The global warming hiatus—a decade-plus slowdown in warming—could be chalked up to some buoys, a few extra years of data and a couple buckets of seawater.
That’s the finding of a new study published on Thursday in Science, which uses updated information about how temperature is recorded, particularly at sea, to take a second look at the global average temperature. The findings show a slight but notable increase in that average temperature, putting a dent in the idea that global warming has slowed over the past 15 years, a trend highlighted in the most recent Intergovernmental Panel on Climate Change report.
The term “ global warming hiatus” is a bit of a misnomer. It refers to a period of slower surface warming in the wake of the 1997-98 super El Niño compared to the previous decades. However, make no mistake, the globe’s average temperature has still risen over that period (including record heat in 2014) and temperatures now are the hottest they’ve been since recordkeeping began in the 1880s. So let’s call it what it really is: a slowdown, not a disappearance of global warming.
The new findings show that even the concept of the slowdown could be overstated.
“There is no slowdown in global warming,” Russell Vose, the head of the climate science division at the National Centers for Environmental Information (NCEI), said. “Or stated differently, the trend over the past decade and half is in line with the trend since 1950.”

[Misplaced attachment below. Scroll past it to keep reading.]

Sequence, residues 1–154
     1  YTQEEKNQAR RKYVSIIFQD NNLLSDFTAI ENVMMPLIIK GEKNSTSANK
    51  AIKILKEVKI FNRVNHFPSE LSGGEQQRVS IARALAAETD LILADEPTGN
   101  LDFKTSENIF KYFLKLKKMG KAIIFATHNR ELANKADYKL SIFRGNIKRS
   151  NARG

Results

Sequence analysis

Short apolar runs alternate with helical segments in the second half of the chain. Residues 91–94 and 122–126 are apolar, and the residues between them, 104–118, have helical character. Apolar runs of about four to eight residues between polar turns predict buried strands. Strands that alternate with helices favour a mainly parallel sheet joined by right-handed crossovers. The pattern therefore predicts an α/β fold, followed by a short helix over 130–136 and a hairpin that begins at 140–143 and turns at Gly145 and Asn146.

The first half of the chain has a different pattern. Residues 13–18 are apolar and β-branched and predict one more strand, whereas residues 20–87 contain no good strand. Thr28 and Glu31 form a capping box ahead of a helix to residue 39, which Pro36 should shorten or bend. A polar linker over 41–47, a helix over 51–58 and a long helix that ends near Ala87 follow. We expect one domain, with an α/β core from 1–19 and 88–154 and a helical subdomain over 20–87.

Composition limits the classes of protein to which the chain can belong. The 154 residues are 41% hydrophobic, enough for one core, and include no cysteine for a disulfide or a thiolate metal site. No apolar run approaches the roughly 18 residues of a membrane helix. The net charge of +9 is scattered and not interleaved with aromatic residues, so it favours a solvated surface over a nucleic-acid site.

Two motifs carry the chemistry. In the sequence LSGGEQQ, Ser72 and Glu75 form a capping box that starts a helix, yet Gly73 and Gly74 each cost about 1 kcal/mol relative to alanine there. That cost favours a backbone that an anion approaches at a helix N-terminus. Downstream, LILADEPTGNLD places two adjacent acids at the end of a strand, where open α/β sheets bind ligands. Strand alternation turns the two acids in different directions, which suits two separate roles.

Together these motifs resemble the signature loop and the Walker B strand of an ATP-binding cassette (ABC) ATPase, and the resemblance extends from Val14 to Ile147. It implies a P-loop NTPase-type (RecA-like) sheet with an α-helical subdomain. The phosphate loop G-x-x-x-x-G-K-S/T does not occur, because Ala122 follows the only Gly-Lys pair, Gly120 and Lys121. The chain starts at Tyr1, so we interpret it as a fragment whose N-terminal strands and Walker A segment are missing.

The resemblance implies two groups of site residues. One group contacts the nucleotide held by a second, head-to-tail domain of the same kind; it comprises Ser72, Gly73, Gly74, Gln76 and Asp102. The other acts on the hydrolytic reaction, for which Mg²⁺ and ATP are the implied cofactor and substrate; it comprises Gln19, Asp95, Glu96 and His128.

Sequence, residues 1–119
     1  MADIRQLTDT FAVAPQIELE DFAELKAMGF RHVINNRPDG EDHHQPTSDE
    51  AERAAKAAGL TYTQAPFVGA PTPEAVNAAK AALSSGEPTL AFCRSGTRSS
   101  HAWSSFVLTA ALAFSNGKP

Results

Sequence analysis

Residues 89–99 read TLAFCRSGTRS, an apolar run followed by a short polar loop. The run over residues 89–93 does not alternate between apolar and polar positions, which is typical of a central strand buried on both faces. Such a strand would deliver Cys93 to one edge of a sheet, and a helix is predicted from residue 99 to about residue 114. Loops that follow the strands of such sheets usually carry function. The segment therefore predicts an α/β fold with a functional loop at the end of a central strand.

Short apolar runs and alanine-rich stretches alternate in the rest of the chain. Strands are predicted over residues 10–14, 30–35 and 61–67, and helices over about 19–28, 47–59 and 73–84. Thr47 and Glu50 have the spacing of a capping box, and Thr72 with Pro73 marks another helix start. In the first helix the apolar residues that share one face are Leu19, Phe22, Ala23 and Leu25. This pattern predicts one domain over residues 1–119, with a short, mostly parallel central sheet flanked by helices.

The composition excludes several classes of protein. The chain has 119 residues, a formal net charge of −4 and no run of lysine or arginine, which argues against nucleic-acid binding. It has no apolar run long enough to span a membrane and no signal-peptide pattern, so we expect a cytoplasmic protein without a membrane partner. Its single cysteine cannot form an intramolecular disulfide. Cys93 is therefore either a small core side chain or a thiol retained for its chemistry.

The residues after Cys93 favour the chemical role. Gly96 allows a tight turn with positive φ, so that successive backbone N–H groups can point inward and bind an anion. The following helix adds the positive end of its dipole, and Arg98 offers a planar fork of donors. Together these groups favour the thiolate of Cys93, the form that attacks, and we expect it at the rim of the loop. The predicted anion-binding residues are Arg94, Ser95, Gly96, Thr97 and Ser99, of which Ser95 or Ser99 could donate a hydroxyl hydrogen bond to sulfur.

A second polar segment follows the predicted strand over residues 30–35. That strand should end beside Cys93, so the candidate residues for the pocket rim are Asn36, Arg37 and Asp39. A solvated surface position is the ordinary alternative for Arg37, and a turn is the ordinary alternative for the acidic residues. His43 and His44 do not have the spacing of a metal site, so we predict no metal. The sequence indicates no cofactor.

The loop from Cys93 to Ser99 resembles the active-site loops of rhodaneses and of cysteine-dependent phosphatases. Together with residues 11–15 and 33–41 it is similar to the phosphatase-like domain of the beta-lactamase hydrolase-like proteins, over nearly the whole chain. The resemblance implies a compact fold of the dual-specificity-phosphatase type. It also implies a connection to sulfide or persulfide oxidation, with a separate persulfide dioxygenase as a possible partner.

Vose helped author the new study, which uses new information about how data is collected at sea to reanalyze surface temperature records. The new analysis essentially doubles the rate of temperature rise since 1998. That puts it more in line with warming trends since the 1950s, though some researchers said there were still some periods of faster warming on record since the 1950s.
Of course this discussion is all centered around changes in hundredths of degrees.
“The fact that such small changes to the analysis make the difference between a hiatus or not merely underlines how fragile a concept it was in the first place,” Gavin Schmidt, the head of the NASA Goddard Institute for Space Studies, said.
Temperatures have warmed 1.6°F since the 1880s. Projections indicate the temperatures could rise as much as 11°F by century’s end if greenhouse gas emissions aren’t slowed and that the rate of warming could reach levels unseen in 1,000 years by 2030s.
The study was inspired by some new metadata, the data behind the data, that provided clues that scientists weren’t properly accounting for certain types of measurements. Specifically, there have been a proliferation of buoys over the past 40 years and the survival of an antiquated measurement technique used by ships.
Buoys have increased global coverage of the oceans by up to 15 percent since the 1970s, but they have a known cold bias compared to measurements taken from ships.